In 1962, Wallace resumed working as news presenter and subsequently hosted 'CBS Morning News' (1963 through 1966).
In 1967, Wallace hosted the documentary 'CBS Reports: The Homosexuals,' a decision he regretted later.
Wallace's stint as the lead reporter on the 'CBS' news show, '60 Minutes,' was marred by several controversies. He provoked the 'Nation of Islam' leader Louis Farrakhan, by making a judgemental comment on Nigeria’s corruption status.
Wallace interviewed the Vietnam War veteran General William Westmoreland for the controversial 'CBS' documentary 'The Uncounted Enemy: A Vietnam Deception' (1982), after which the latter sued him for defamation. The legal feud ended due to an out of court settlement in February 1985.
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In 1981, Wallace apologized for making a racial comment about blacks and Hispanics. He was also accused of deceiving low-income Californians. Several years later, his presence at a university ceremony where Nelson Mandela was previously awarded doctorate, was highly opposed.
In 1989, the 'University of Pennsylvania' granted Wallace an honorary ''Doctor of Laws.''
In a 1991 interview with 'Rolling Stone' magazine, Wallace admitted harassing female colleagues at '60 Minutes,' which further degraded his reputation. That year, he received the 'Paul White Award' and membership to 'Radio Television Digital News Association.'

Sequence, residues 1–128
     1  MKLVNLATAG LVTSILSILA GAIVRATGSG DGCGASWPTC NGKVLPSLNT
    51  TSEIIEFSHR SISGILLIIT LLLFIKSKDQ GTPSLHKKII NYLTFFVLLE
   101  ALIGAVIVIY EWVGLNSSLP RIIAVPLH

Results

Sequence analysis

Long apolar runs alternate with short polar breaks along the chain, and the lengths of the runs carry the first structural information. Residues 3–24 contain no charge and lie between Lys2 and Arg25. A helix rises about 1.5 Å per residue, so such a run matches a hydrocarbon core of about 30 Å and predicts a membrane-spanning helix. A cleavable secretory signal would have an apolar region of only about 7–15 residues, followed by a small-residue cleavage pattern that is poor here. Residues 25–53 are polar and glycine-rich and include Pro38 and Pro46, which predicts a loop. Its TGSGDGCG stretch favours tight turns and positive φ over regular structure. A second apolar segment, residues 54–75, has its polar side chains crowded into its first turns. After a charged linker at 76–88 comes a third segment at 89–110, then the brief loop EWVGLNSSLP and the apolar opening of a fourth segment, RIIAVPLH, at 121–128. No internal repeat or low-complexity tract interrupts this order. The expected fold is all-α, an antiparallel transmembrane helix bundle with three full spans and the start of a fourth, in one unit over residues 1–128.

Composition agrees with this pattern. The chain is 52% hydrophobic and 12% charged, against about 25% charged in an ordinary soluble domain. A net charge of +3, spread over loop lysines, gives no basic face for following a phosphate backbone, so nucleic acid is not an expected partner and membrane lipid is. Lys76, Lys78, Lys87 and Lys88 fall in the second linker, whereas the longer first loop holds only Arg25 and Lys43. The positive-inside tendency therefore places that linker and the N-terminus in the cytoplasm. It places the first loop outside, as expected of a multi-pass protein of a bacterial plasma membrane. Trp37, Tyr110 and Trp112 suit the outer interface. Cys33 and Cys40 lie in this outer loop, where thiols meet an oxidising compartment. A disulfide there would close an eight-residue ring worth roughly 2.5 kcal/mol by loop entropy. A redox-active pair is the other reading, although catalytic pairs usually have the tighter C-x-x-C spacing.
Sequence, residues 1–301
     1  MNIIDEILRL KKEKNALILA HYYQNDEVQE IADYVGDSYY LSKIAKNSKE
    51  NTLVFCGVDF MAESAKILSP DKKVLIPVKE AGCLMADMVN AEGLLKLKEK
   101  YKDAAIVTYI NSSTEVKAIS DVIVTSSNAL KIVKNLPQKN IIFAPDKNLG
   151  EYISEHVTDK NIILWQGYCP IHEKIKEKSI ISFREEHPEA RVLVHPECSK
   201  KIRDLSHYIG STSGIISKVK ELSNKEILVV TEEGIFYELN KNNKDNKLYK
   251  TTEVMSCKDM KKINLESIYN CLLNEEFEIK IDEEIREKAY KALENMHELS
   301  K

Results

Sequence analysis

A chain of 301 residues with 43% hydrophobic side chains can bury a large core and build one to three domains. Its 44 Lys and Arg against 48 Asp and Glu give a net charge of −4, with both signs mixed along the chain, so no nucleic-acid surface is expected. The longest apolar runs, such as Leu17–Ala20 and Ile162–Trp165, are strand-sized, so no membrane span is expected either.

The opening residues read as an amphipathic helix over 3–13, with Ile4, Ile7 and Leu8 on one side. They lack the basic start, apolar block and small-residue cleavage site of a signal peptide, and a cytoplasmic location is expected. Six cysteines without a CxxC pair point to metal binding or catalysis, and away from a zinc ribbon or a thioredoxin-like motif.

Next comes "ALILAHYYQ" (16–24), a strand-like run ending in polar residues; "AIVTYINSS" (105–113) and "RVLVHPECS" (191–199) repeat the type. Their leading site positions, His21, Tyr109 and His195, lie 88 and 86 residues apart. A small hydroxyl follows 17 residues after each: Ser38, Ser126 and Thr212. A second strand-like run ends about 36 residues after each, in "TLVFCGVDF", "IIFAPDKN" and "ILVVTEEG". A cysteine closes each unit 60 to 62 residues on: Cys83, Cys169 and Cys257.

In 1999, Wallace was honored with the 'Gerald Loeb Award for Network and Large-Market Television' for his research works on the international pharmaceutical industry.
Wallace announced his retirement from '60 Minutes' on March 14, 2006, and accepted the position of a "Correspondent Emeritus" for 'CBS News.' In January 2008, he shot his final '60 Minutes' interview with former 'Major League Baseball' player Roger Clemens.
Wallace won 21 'Emmy Awards,' including a 'Lifetime Achievement Emmy' in September 2003; three 'Alfred I. duPont-Columbia University Awards,' three 'George Foster Peabody Awards,' a 'Distinguished Achievement Award' from the 'University of Southern California School of Journalism,' a 'Robert E. Sherwood Award,' a 'Robert F. Kennedy Journalism Award' in the international broadcast category, and a 'University of Illinois Prize for Lifetime Achievement in Journalism.'
In June 2008, his son, Chris, declared that his father would not resume television due to his deteriorating health.
Family, Personal Life & Death
Wallace’s first wife, Norma Kaphan, bore him two sons - Chris, a journalist, and Peter, (died in 1962).
Wallace was married to actor Patrizia "Buff" Cobb from 1949 until their divorce in 1954.
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His third marriage (21 August 1955) to Lorraine Perigord also ended in a divorce in 1986.
His fourth wife was Mary Yates, who he married on June 28, 1986.
Wallace suffered from depression, which aggravated in 1984 during the legal feud with General Westmoreland. Wallace was diagnosed with clinical depression and was prescribed an antidepressant and psychotherapy.
Wallace revealed about his depression during an interview on 'Later.' In an interview with his 'CBS' colleague Morley Safer, Wallace talked about his suicidal thoughts in circa 1986.
Wallace was on a pacemaker for about 20 years before his death. He had triple bypass surgery in January 2008.
Wallace died of natural causes on April 7, 2012, at his home in New Canaan, Connecticut. On April 15, 2012, a full '60 Minutes' episode was dedicated to him.